Bottle bill boosters are out to make 1982 a banner year.
Buoyed by last November's legislative victory in Massachusetts, environmental and consumer activists in close to a dozen states are bubbling with enthusiasm to ban no-deposit beer and soft-drink containers.
But opponents have lost none of their fizz, either. They appear ready to pour in a torrent of dollars to persuade lawmakers and voters to keep or reinstitute nonreturnable bottles and cans.
Most of the states where initiative drives are under way already have litter tax laws on their books. ''These simply are not working in reducing the problem of throwaway bottles and cans,'' contends Sandra Nelson, of the Washington, D.C.-based group Environmental Action, a leading supporter of bottle bills.
These views are not shared by representatives of the bottling, can, and glass-packaging industries. They have thus far successfully fought passage of a national bottle bill and have played a leading role in influencing rejection of bottle bills in several dozen states over the past 15 years.
Despite their efforts, however, bottle bills have become law in Connecticut, Delaware, Iowa, Michigan, Oregon, Vermont, and in Suffolk County on New York's Long Island.
Major legislative battles are under way or expected shortly in Maryland, New York, and Rhode Island. More modest skirmishes may surface elsewhere, including New Mexico, Oklahoma, Tennessee.
More visible, however, are voter-signature campaigns in Arizona, California, Colorado, and Washington aimed at placing bottle bills on next November's ballot.
Here in Massachusetts, foes of the less-than-three-month-old ban on no-deposit bottles (it requires nickle or dime deposits on beer and soft-drink containers) will be pressing for a repeal referendum. If they are successful, the bottle bill would be wiped off the books some two months before it is scheduled to take effect in Jan. 17, 1983.
The antibottle-law forces here cleared their first hurdle Feb. 16 by filing more than twice the required 28,434 voter signatures to place the controversial proposal before Massachusetts voters. The bottling industry is supporting the repeal measure.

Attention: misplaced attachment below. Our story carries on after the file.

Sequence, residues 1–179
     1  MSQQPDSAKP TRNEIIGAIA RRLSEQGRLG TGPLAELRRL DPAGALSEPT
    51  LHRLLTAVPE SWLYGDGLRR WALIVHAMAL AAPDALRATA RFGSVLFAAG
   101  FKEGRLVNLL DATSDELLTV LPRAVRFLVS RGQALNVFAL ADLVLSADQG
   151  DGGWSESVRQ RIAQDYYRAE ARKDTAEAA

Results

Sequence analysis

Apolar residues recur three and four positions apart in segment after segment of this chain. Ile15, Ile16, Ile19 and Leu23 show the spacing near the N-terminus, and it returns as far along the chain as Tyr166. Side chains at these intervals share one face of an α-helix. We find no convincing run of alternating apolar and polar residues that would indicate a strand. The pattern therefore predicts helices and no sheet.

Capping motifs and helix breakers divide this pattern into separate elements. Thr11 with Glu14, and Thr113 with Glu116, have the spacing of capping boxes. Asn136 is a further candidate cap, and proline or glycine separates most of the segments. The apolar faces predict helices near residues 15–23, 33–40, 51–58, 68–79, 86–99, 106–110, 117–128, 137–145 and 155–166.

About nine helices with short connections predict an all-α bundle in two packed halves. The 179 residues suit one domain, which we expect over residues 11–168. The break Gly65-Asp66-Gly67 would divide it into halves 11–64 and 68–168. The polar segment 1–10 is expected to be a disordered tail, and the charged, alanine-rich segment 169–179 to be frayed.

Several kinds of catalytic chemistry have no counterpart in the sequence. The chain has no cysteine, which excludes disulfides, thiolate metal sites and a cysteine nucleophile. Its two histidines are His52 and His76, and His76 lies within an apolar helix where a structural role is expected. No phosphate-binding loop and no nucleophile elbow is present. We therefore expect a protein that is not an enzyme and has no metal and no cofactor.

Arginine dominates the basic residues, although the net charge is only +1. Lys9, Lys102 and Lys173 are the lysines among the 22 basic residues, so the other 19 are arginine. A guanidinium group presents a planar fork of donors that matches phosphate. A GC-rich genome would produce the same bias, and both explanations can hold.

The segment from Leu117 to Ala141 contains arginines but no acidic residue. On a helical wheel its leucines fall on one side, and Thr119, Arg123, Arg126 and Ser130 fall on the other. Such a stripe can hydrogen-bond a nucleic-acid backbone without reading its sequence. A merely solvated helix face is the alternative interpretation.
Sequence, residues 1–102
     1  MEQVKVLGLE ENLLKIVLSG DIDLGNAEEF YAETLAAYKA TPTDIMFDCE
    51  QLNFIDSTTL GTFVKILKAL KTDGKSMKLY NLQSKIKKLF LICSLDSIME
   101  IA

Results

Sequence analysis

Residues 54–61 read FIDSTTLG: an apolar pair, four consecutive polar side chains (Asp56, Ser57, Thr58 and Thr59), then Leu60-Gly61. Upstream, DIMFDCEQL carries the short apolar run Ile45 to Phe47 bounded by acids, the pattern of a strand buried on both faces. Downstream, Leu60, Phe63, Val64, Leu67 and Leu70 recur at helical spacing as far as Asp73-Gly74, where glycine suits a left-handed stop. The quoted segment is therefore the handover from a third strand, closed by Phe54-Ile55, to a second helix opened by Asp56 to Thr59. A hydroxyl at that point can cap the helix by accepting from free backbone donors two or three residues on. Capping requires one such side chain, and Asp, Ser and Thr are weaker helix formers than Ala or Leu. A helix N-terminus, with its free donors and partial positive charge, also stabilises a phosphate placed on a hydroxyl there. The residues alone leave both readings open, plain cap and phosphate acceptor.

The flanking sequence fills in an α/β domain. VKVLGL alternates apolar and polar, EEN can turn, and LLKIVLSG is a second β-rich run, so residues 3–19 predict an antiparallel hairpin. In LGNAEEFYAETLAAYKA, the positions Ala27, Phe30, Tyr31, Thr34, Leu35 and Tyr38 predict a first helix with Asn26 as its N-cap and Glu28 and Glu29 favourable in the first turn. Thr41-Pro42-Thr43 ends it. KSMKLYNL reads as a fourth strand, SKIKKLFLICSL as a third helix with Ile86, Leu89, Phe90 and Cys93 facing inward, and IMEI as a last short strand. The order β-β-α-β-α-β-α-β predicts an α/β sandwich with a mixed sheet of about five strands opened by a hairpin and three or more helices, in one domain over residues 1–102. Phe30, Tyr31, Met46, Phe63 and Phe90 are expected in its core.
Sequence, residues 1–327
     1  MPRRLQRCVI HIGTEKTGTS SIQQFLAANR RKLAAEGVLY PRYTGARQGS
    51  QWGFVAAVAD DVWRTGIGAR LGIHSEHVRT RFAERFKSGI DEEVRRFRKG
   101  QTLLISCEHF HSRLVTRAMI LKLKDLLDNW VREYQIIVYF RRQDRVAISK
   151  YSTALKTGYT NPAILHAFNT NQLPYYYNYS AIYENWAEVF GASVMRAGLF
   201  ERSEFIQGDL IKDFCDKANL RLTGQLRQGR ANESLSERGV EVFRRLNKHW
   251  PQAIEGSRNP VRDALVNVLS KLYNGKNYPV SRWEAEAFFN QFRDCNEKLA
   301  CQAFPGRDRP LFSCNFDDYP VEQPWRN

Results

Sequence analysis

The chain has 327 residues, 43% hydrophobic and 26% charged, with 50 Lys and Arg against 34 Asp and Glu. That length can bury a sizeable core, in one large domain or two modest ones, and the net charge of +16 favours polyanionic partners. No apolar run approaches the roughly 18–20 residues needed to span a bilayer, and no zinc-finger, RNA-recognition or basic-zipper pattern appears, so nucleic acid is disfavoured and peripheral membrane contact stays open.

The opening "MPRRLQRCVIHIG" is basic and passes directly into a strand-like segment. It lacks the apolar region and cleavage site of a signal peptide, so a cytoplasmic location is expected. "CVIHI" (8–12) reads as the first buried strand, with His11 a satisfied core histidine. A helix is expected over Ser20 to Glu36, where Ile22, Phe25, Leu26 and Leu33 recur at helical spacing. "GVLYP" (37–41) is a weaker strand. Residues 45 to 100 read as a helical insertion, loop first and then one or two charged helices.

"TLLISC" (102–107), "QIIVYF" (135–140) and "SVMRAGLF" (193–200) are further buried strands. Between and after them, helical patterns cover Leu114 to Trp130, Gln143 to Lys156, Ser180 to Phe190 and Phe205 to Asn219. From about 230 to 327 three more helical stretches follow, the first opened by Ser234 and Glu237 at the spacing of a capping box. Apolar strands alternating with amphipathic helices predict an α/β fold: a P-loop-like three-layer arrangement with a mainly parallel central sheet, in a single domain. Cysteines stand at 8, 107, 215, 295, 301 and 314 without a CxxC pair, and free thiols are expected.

Backers of the new law are optimistic the repeal try will fail. They note that a heavily financed, industry-led bid to wipe out the bottle law in Maine was spurned by a 51/2-to-1 margin by voters there in 1979.
But despite outward confidence, some Massachusetts bottle law backers are apprehensive, recalling the advertising blitz that helped narrowly defeat a 1976 bottle bill referendum in November 1976.
If the Massachusetts law were repealed, it would mark the first time such a law would have been repealed and deal a heavy symbolic blow against pro-bottle-bill forces. For this reason, a fierce and costly campaign already is anticipated.
The outcome could depend on whether the resources of the bottle and container-manufacturing industry are stretched thin in ballot fights elsewhere. Manufacturers may concentrate their efforts on preventing more states, especially California, the nation's most populous, from joining the bottle-bill ranks.
Groups sponsoring the California bottle bill say they have collected well over 500,000 signatures, many more than the 346,119 required to qualify for the Nov. 2 ballot.
''This is something the people want and we were able to accomplish this in 99 days,'' says Matt Kuzins, executive director of Californians Against Waste. He says his organization was encouraged by a 1979 state Department of Consumer Affairs poll that showed 84.2 percent of Californians favored a litter-control measure.
''This will be the most expensive campaign of its kind in the state's history ,'' Mr. Kuzins says. He forecasts that bottle-bill opponents will spend $10 million to fight the proposal. His group is counting on raising $500,000 to promote the measure.